If you have a neighbor that doesn’t use chemical, you can have him sign a sheet verifying that he doesn’t use chemicals. Then you can harvest right up to his fence. Along road ditches post PLEASE DO NOT SPRAY signs to keep maintenance crews from spraying within 25′ of your crop. A thick tree line often works as a buffer, too.

If a farmer tries to farm several fields organic and several conventional, careful logging is necessary. Much cleaning is necessary if chemically-treated seed corn is in his planter and he wants to plant organic seed. Sprayers must be washed out. This all must be documented. Buffers must be kept  and documentation is needed that the crops are not put in the same storage location. Monitering [sic] is necessary to prove nothing co-mingles. Of course, if he has 2 farms and things are more separate, there is less danger of co-mingling. While transitioning, of course, there might be some hassle, but otherwise it’s easier doing everything organically than some of each.

Having the same kind of livestock and some on organic status and raising others conventionally also takes much documentation. Proof must be kept that nothing mixes. Or that the farmer doesn’t medicate stock or use prohibited substances.

To raise organic meat, slaughter stock must be from certified organic sources or from breeding stock that has been under organic management from the last third of gestation. Outdoor access and ample room is usually in the protocol.

Organic milk comes from animals under continuous organic management and fed 100% organic feed for at least 1 year. There is a grazing protocol where a certain per cent of the ration must be from grazing.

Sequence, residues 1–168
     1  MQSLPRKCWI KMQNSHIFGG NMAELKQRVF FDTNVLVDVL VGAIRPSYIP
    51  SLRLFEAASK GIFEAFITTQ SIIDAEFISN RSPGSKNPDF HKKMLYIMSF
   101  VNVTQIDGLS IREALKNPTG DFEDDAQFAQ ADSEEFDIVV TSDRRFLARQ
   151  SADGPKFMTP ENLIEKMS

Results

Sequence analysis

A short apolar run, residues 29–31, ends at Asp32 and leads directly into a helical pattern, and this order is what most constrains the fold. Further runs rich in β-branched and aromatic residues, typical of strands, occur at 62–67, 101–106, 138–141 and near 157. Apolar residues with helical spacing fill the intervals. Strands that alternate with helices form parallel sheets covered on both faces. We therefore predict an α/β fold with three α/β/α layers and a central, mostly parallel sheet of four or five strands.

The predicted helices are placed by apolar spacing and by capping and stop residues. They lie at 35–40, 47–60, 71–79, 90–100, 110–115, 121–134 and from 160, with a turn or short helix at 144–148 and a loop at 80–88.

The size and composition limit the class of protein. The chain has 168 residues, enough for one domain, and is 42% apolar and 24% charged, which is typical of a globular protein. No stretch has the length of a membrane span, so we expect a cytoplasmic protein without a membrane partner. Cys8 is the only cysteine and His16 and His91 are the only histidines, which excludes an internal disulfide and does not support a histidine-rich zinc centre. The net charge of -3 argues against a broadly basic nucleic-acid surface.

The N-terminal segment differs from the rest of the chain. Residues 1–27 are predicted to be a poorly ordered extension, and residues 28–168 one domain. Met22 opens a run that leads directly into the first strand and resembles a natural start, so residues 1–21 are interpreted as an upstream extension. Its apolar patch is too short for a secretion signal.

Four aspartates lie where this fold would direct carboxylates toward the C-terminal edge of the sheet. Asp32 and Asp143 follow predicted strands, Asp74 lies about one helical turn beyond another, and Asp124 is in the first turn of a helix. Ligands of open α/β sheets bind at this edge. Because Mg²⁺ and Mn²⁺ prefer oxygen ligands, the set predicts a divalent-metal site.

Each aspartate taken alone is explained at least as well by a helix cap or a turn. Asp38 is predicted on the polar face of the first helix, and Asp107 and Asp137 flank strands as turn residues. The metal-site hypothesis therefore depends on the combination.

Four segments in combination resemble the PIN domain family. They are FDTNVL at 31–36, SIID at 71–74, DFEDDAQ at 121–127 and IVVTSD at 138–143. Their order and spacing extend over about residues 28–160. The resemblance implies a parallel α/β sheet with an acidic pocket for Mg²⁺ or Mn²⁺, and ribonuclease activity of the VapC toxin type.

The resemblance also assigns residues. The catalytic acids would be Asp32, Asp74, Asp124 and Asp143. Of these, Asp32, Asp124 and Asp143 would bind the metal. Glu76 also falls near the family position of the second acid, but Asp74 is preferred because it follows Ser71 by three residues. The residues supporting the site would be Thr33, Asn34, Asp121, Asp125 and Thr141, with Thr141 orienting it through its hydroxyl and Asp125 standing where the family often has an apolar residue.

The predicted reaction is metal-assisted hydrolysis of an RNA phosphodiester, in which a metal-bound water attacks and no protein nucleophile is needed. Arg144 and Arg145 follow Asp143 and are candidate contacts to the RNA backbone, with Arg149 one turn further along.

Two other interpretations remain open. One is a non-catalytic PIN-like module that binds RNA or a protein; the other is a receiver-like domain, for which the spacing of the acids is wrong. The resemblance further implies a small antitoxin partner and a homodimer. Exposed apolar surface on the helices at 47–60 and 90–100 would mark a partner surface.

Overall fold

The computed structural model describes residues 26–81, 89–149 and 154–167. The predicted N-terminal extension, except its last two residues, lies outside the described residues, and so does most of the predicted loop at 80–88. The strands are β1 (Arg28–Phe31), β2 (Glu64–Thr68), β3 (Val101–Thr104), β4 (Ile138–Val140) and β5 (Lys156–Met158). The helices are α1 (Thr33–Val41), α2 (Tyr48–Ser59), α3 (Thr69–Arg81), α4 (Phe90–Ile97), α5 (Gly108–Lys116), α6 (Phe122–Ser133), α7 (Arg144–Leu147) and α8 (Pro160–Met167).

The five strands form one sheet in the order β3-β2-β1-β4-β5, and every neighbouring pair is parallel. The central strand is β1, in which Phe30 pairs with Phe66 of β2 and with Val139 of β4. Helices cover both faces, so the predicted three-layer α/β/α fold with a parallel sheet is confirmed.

For fly control Pyganic is being used here in our community. Neem oil needs much attention as an insect repellent, too. Some have tried essential oils, i.e. oil from herbs leaves.

D.E., short for diatomaceous earth, sometimes called fossil flour, works to mix into organic feed to worm animals and poultry.

Speaking of organic poultry, grassfed chicken supplemented with ground organic grains seems to have a better place in the market place compared to large buildings filled with organically fed chicken. Doing your own slaughter and direct marketing it are your main secrets to build a successful trade. Inspection on small scale slaughter facilities varies from state to state.

For large scale organic egg production, the eggs need to go through a grading, candling system before entering large stores. The Kalona, Iowa, community is blessed with 2 such buyers. Take note of the designs developed by these farmers in building their hen facilities, egg nests, granary, feeding systems, etc.

Two sources to obtain styrofoam to build ice houses, such as suggested on the chicken house design sheet, are: (diagrams)

 

These two sources sell white styrofoam blocks, 16′ long, 4′ wide, and 20″ thick. See the diagram showing how you can build an ice house with 12 such chunks. Interior dimensions are 8′ high, 12’8″ long, and 8’8″ wide. No door is shown here. Build it against your egg cooler and save a block. Or split a 20″ thick block to 10″ for that wall. Of course, you’ll want a door to stow away your ice. Think carefully before you cut. You’ll end up with two chunks 7ft. 4inches for the end not pictures. Some people sandwich 10″ thick styrofoam between 2 pieces of 4′x8′ plywood. For that, simply split a 4 foot long chunk into two 10″ pieces.

To begin building, prepare a bed of small gravel for drainage and to keep varmints from digging tunnels underneath the styrofoam. On a calm day lay the 3 bottom pieces side by side onto this bed. For the side walls set two blocks on edge one on top of the other. Like you have pre-planned, fill in your cut pieces in the ends. Then lay your last three full pieces on top. Strap everything together before a a wind shifts your building blocks.

How will you seal these blocks? This is crucial…Before setting the wall and roof blocks together, take a chainsaw or handsaw and shave a 2″ wedge (at a 45° angle) from each joining edge. Once built you can hire a foam insulation company to fill those V’s with polyurethane foam. Thus all cracks are sealed and your blocks are firmly joined.

Ask the companies at the addresses listed if you want a prefabricated door, etc. Pour a layer of cement over the bottom for a hard surface, leaving adequate drainage holes. Lastly, paint a white, rubberized coat of protectant to help preserve the outside from the elements.